YouTube's Creator's Corner and Videomaker magazine are excited to bring you the first in a series of Webinars that explore the basics of video production and will help you take your videos to the next level. Videomaker offers intensive weekend courses here in Northern California, and they've generously offered to share their knowledge with the global YouTube community for free, as well as take your questions.
The first seminar will focus on "Basic Shooting Techniques" and it's scheduled for October 27, 2009, at 2 p.m. PT / 5 p.m. ET. Click here to register.
Because we want these sessions to be really useful for you, we want you to help us set the agenda. Below is a list of topics the class could cover. Leave a comment at the bottom of this post to tell us which topic(s) you most want to know about. You can also submit and vote on specific questions here. We'll use your feedback as a guide when structuring the Webinar. Again, here are the topics:
- Shopping for a camcorder: Learn what to look for before buying one
- Button basics: Master the most important buttons on the camcorder and how each of them works
- Light and filter it right: Creative tips on lights and filters that will improve the look of your videos
- Microphone techniques: Get the best sound from your mic with the least amount of hassle
- The art of composition: Simple composition rules to set your video apart from ordinary videos
- Smooth moves: Handheld camera techniques
Mia Quagliarello, Community Manager, YouTube, and Jennifer O'Rourke, Managing Editor, Videomaker
This week we're joining in Google's celebration of all things mobile to make sure you're aware of the power you hold in your fingertips with YouTube on your phone. Not only can you watch millions of videos, but also you can upload videos directly from your device; maybe it's footage of a breaking news event, the drama unfolding at the party Saturday night, or your baby's first steps. Since we want to provide the best experience for each of you, we occasionally have different solutions for different phones -- so read on to find out what's available for yours.
Almost any phone with a browser can access the YouTube mobile website at m.youtube.co.uk. (Some mobile phone operators offer a pre-programmed link, so if a YouTube link displays on your phone, click it to visit our site.) Once there, you can access your YouTube account, your favourite videos, your uploads and your favourite channels. You can also share, rate, and comment directly from the mobile website to other YouTube users. Or, if you've captured a great moment, upload your own video by sending it via MMS or email (sign in to YouTube and click here to get your unique address) and it will appear almost instantly on the website.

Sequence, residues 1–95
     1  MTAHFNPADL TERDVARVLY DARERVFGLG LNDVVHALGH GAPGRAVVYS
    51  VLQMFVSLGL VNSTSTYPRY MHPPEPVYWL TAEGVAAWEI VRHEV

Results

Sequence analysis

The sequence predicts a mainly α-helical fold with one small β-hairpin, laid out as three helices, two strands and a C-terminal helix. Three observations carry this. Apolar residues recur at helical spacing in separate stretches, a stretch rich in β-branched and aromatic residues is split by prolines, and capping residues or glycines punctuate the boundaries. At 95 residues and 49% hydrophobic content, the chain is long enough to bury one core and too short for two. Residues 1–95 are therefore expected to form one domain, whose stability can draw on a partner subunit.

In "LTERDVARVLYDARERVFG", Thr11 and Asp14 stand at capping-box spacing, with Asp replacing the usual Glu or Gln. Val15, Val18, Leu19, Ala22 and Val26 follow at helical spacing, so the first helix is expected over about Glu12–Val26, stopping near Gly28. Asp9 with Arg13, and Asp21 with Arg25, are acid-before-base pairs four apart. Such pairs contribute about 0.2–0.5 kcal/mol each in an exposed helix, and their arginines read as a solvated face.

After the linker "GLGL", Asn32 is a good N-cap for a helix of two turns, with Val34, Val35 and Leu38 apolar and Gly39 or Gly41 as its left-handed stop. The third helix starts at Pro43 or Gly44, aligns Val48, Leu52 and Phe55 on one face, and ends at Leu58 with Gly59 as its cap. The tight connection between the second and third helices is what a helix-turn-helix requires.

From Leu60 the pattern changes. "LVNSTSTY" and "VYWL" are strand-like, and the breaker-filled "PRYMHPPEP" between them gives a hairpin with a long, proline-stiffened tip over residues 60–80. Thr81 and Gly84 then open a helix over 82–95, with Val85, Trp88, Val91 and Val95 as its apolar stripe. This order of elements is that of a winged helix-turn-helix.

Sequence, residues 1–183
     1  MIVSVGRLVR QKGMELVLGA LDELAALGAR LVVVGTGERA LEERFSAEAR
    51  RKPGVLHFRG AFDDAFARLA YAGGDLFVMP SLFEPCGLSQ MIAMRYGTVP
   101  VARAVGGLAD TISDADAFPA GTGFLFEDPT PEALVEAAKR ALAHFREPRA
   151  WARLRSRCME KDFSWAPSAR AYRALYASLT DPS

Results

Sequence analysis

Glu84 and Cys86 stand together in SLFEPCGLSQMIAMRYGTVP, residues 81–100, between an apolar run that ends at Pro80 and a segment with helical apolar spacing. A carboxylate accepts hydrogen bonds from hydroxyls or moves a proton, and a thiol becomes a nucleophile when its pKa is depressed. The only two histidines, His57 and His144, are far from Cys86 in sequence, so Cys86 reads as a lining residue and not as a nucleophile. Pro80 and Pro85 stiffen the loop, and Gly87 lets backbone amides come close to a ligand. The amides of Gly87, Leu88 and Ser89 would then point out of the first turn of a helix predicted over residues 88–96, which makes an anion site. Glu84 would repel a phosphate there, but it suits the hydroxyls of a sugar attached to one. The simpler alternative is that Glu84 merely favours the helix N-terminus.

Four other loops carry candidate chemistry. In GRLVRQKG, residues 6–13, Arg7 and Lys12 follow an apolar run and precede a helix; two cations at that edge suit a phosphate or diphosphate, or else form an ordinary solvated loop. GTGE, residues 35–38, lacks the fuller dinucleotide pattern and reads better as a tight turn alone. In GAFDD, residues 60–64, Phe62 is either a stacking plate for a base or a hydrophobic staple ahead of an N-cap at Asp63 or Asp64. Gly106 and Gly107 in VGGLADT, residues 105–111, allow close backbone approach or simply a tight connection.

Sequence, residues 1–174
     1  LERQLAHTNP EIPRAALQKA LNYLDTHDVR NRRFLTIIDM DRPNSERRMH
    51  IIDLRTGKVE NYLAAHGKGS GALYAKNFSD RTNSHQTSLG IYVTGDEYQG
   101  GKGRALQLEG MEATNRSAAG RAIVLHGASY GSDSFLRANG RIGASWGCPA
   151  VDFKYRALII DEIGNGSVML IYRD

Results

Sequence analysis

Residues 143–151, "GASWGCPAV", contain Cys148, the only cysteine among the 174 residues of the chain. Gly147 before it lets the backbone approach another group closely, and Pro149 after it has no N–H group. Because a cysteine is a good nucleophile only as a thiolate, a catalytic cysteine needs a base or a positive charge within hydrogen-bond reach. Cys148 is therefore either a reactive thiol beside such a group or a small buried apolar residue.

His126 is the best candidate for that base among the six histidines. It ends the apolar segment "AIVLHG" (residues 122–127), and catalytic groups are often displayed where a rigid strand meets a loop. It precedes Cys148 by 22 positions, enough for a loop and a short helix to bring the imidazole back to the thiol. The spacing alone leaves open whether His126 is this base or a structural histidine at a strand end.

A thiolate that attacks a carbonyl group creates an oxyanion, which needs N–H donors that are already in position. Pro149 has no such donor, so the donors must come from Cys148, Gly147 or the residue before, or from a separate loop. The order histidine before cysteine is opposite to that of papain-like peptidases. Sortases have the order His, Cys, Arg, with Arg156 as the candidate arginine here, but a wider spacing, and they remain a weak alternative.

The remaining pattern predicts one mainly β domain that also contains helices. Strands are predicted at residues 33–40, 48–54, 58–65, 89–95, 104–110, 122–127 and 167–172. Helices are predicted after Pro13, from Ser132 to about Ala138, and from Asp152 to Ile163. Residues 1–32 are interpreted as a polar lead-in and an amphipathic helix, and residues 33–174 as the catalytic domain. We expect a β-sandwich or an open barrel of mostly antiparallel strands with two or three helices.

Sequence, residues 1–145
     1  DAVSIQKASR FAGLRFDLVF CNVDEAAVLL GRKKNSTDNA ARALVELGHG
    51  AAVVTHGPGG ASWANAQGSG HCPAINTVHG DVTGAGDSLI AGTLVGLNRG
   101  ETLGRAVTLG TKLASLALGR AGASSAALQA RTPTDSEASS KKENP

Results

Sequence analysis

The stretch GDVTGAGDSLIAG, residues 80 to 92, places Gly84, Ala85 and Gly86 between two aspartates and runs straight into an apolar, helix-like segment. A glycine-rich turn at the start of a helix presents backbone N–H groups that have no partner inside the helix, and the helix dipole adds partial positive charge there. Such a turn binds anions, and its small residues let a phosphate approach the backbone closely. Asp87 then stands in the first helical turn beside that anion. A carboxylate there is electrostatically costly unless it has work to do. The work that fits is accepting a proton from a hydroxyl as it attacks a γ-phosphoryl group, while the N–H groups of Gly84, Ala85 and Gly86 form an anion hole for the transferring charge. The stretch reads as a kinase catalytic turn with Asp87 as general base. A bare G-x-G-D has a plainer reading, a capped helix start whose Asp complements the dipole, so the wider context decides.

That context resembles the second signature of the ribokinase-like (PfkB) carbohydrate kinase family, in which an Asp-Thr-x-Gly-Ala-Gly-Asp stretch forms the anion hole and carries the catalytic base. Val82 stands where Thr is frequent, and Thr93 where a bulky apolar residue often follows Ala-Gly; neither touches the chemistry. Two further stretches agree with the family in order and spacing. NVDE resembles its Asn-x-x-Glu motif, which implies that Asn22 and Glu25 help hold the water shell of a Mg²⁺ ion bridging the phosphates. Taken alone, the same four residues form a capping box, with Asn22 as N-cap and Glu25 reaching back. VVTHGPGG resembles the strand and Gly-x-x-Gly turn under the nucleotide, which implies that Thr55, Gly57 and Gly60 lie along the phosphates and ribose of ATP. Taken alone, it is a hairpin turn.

In addition to the website, you can also play high-quality YouTube videos with special applications on many devices, including Windows Mobile, Symbian S60, iPhone, Android, Palm Pre, and BlackBerry Storm v1 devices. For devices not listed, it means that there were either technical limitations to getting YouTube on the phone, or the experience wasn't a significant improvement over just visiting the mobile website. FYI, the apps for iPhone, Android and Palm Pre also support direct-to-YouTube uploads. To install the app on a compatible phone, visit m.youtube.co.uk/app.
Keep an eye out this week as we tweet some useful tips and tricks for YouTube mobile. And be sure to let us know how you're liking it and what we can do to improve the mobile experience. To get started, just Go Mobile!
Robin Norvell, YouTube Mobile Operations, recently watched "Mobile Tricks."
Friday, 9 October 2009
Three years ago today, Steve and I stood out in front of our offices and jokingly crowned ourselves the burger kings of media. We'd just made headlines by joining with Google in our shared goal of organizing the world's information (in our case, video) and making it easily and quickly accessible to anyone, anywhere. Today, I'm proud to say that we have been serving well over a billion views a day on YouTube. This is great moment in our short history and we owe it all to you.
Looking back at those early days, we were committed to some basic principles that have since become fundamental tenets in the world of online video:
- Speed matters: Videos should load and play back quickly.
- Clip culture is here to stay: Short clips are voraciously consumed and perfect for watching a wide variety of content.
- Open platforms open up possibility: Content creation isn't our business; it's yours. We wanted to create a place where anyone with a video camera, a computer, and an Internet connection could share their life, art, and voice with the world, and in many cases make a living from doing so.
Thursday, 1 October 2009
A couple of weeks ago we quietly launched a new and easier way to share private videos: now you can generate a special URL for your private video and send it to up to 25 people, who, assuming they're logged in to YouTube, just have to click to view. This should make it a lot easier for your technology-challenged relatives to watch that video of baby's first steps without having to share it with the whole world.
A neat thing about this feature was that it was an outcome of a recent "hackday" here at YouTube. Hackdays are similar in spirit to "20% time" -- the amount of time in a week engineers at Google/YouTube are encouraged free think and innovate on projects they're passionate about. These efforts allow us to focus on launching smaller features that aren't on our official roadmaps but that we hope are still worthwhile for our users. Anyway, this hackday came with donuts, which were delicious and way too tempting for me to resist. I also had a strong personal motivation for figuring this out: I'm in a hip-hop dance group, and the troupe wanted to share practice videos without going through the process of becoming Friends on YouTube.
Even without any official announcement (until this post, that is!), uptake and usage of this feature has been strong. Here you can see the growth of private-videos-per-day using friend-to-friend sharing versus the new URL-sharing:
Mike Lambert, Software Engineer, recently watched a friend's private video.